One of the things I’m often asked—from both writers and non-writers alike—is how I manage my time. “You’re all over the place,” I’ll hear, “how do you do it all?” By day, I’m a pharmaceutical consultant with hours that vary greatly and by night, I’m everything else. That everything else includes being a girlfriend, an aunt raising a teenager, a writer, a reviewer, a singer, a photographer, a Board member for The Women Fiction Writers Association, an active member of Rave Review Book Club and a host of other oddball hats I tend to wear.
Well, I’m here to tell you that there’s not really a secret to it. We’re all given the same number of hours in a day, right? It all boils down to how effectively you do what you do. So then the question becomes “How can I do things better?” Here are some of my tips:
Answer Those Emails
I’ve read countless articles on time management, and most advise that you should allocate one or two times a day only to respond to emails. I tried that and all it did was make responding to emails even more overwhelming. By only setting time aside once or twice a day, you run the risk of not responding to things in a timely manner.
Instead, I stay logged into my primary email (I have multiple accounts) as long as I’m in work mode and respond to emails as they come in. I’ve set up labels in Gmail and I prioritize items as they arrive. For instance, I’m currently working on a launch project for the Writers Association, so those emails get answered above just about anything else. As soon as I’ve responded, I apply the label and move them out of the view of my inbox. I only keep things that need my attention in my main view; everything else is filed.
Also, remember that not every email needs a response. If something is sent just to notify you and doesn’t require an action, file it immediately so it’s not getting in the way of the things you actually need to get done.
Learn Those Programs
Having spent “A Very Long Time” as an administrative assistant, I had a lot of time to get familiar with MS Office. Because of this, I’m now an expert of sorts in Word, Excel, PowerPoint, One Note and Access. All of these have their pros and cons, but they’ve made my life so much easier. I use Word for my writing (versus a program like Scrivener) because it’s so straightforward and I’ve learned the shortcuts. I use Excel to track sales and build ROI models for my promos. One Note is where I keep my project ideas. And believe it or not, my first stab at making my own book trailer was done in PowerPoint. They’re an integrated system and I’ve found that taking the time to master them has drastically increased my efficiency.
Be Honest With Yourself
If you’re not a morning person, then don’t try to set goals or schedule the important stuff in that time frame. This might sound like silly advice, but I know so many people who try to force themselves into a pattern that isn’t conducive to their own biological clock. And in the long run, it doesn’t work.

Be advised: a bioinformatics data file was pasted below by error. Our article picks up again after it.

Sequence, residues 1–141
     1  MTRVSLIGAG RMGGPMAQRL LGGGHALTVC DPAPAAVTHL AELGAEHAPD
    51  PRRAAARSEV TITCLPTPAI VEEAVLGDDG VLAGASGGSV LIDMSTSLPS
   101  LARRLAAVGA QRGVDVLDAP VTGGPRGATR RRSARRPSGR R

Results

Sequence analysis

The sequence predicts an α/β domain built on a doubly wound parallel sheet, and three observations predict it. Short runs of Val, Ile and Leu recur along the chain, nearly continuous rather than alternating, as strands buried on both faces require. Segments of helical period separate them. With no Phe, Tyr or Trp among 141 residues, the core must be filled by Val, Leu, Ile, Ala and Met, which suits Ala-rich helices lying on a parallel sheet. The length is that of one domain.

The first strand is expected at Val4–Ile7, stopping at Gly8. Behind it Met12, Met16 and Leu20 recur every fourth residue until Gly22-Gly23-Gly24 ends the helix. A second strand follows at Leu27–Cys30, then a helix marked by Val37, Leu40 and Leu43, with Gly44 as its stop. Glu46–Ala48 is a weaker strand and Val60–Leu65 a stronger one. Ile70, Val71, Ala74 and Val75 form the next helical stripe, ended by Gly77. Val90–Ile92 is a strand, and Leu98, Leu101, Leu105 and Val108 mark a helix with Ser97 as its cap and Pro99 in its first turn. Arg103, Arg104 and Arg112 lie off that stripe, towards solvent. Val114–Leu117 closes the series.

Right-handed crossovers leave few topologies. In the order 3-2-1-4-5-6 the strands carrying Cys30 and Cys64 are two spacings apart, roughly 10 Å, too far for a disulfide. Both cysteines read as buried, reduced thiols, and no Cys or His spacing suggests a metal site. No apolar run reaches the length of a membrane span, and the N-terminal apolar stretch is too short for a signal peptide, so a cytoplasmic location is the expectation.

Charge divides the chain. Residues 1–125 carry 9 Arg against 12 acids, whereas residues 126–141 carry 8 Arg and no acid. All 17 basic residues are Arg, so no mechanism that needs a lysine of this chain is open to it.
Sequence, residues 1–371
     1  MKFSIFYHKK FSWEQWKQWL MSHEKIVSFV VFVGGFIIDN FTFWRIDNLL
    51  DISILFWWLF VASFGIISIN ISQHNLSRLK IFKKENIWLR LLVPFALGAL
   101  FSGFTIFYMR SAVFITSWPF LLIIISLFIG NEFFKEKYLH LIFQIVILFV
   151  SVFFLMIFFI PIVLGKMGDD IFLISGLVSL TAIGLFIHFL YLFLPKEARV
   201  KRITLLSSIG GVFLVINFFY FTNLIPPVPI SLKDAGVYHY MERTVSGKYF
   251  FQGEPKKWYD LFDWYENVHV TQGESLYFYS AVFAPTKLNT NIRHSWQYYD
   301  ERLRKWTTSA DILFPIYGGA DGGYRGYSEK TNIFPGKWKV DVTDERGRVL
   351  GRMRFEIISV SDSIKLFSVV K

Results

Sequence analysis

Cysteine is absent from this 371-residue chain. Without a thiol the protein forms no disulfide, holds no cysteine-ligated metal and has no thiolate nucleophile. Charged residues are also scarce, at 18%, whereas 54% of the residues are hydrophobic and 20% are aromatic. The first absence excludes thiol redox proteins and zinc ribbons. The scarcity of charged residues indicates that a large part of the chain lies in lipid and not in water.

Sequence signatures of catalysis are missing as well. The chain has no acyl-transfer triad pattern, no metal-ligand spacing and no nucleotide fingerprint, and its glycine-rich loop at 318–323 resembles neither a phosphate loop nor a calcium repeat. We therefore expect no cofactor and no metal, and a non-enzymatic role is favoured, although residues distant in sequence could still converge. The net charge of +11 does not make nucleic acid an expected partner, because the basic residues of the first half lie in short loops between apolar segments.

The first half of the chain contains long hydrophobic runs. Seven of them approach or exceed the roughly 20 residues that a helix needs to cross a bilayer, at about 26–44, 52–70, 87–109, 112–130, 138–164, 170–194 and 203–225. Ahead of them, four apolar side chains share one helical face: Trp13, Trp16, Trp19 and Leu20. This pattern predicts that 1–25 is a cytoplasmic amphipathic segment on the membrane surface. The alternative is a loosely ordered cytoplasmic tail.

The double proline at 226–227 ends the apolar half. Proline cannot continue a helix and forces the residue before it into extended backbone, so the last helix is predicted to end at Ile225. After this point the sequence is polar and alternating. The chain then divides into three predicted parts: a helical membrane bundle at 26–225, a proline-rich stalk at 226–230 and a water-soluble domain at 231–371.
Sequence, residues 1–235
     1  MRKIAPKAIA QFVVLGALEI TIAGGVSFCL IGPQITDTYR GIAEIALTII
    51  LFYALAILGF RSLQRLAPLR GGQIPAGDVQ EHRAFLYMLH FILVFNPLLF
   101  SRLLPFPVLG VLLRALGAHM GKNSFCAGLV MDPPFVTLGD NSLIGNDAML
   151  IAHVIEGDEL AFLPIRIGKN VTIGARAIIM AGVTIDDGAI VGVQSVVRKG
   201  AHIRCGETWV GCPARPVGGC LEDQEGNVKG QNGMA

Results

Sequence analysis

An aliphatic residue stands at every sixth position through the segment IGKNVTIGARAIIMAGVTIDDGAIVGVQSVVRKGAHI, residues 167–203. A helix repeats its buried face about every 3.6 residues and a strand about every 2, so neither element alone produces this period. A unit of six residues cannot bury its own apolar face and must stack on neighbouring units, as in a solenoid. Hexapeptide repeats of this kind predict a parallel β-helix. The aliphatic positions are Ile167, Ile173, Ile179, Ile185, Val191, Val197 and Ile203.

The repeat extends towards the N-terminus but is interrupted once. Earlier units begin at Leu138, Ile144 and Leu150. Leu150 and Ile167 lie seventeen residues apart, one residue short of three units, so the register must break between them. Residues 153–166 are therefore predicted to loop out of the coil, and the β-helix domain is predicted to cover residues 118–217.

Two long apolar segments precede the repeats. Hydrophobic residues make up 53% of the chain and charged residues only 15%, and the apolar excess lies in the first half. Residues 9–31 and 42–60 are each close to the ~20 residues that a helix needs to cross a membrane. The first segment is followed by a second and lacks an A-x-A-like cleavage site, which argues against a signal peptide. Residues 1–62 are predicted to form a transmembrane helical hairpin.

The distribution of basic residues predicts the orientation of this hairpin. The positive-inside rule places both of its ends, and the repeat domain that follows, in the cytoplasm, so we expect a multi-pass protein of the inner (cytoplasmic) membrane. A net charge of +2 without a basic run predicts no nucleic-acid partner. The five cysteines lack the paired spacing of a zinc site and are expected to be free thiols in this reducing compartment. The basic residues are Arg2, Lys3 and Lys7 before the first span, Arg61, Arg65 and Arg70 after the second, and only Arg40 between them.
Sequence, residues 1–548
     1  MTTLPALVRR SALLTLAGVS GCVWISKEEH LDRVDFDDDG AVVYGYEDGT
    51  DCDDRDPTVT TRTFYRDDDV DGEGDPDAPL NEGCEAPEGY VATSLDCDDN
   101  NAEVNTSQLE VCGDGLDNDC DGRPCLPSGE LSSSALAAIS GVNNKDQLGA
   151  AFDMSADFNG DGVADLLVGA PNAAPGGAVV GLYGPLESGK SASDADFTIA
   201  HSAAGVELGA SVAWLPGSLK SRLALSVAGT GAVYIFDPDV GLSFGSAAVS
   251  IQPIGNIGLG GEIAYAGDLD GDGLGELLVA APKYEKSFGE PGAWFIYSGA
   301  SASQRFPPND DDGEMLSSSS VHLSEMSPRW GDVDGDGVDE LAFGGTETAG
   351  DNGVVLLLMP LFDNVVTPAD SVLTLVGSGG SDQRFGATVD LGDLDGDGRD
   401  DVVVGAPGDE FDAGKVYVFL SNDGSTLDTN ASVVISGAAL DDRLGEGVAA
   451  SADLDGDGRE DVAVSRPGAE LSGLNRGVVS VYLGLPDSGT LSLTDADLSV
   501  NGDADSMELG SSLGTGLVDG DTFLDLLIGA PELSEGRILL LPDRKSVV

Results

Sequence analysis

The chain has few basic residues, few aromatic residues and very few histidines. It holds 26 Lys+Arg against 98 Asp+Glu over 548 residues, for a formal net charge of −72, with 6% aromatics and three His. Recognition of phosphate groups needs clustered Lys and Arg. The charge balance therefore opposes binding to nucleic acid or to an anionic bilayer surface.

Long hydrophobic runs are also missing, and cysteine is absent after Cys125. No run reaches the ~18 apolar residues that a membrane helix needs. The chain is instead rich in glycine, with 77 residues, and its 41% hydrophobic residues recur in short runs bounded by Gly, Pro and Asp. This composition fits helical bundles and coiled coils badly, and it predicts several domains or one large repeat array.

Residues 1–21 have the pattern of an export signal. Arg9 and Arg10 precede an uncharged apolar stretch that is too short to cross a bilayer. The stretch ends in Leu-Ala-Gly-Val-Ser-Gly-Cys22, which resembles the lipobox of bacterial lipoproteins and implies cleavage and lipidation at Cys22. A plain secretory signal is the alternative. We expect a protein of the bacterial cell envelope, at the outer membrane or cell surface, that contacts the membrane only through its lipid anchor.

I am a morning person, so I try to get at least a half hour of writing done in the morning. During the weekday, that’s all I can spare. On weekends, that usually expands to no less than four hours. But the important thing for me is that I have a quiet time set aside to do it. By the evening, I can’t focus on the things that require the creative side of my brain, so I use that time to work on promotional plans and plow through my read/review list.
Go on Autopilot
This is probably going to sound crazy, but I eat the same exact thing for breakfast and lunch on weekdays. Not having to stand in the cafeteria, faced with overwhelming choices and struggling to make a decision means that I can get in, get out and get fed as quickly as possible. If the idea of this bores you to death, then narrow it down to a few items so you’ll still save time making the decision. Also, I don’t bother making elaborate meals anymore unless I’m entertaining. Dinner is something quick or made in the crock pot. I’d rather invest that time elsewhere.
Batch Similar Tasks
I try to batch similar tasks. For instance, I’ll block time specifically for writing and I try not to have to switch to something analytical immediately afterwards. Since I have a long commute, I try to do the majority of my calls in the car – whether they are work-related or simply connecting with friends. If I’m headed out for an errand, I try to do them all at once.
The exception to this—for me—is that I can be involved in social media throughout the day and still manage to deliver my other projects on time.
How Does It Actually Look?
When my consulting job falls into the 40-hour a week range, here’s how my week typically looks:
|Task/Item||Hours Per Week||Weekly Balance|
Now, there are weeks when my consulting schedule is more than 40 hours and I have to “steal” time from some other bucket. There are weeks when I don’t do photography at all. There are weeks when my time for music (i.e. practicing, etc.) is done during my commute to maximize the time. And yeah, I could spend less time watching television, but I don’t feel guilty about it because (a) we all need downtime and (b) I use the excuse that it helps me be a better writer and build more believable characters so really, it’s research, right? And sometimes, I’m reading such a great book that I take that time away from my “sleep” bucket. We’ve all been there.
At the end of the day, you’ve got to understand yourself and how/when you work best. Then create an environment in which you can thrive so you can get the most out of your time.
Lisa Mauro is a novelist, blogger and pharmaceutical consultant. She is the Secretary of the Board of The Women Fiction Writers Association. The Place We Went to Yesterday is her first novel, published by Heartless Press. She lives in Boston, MA with her better half, Brian, and an obnoxiously cute kitten, Harper.
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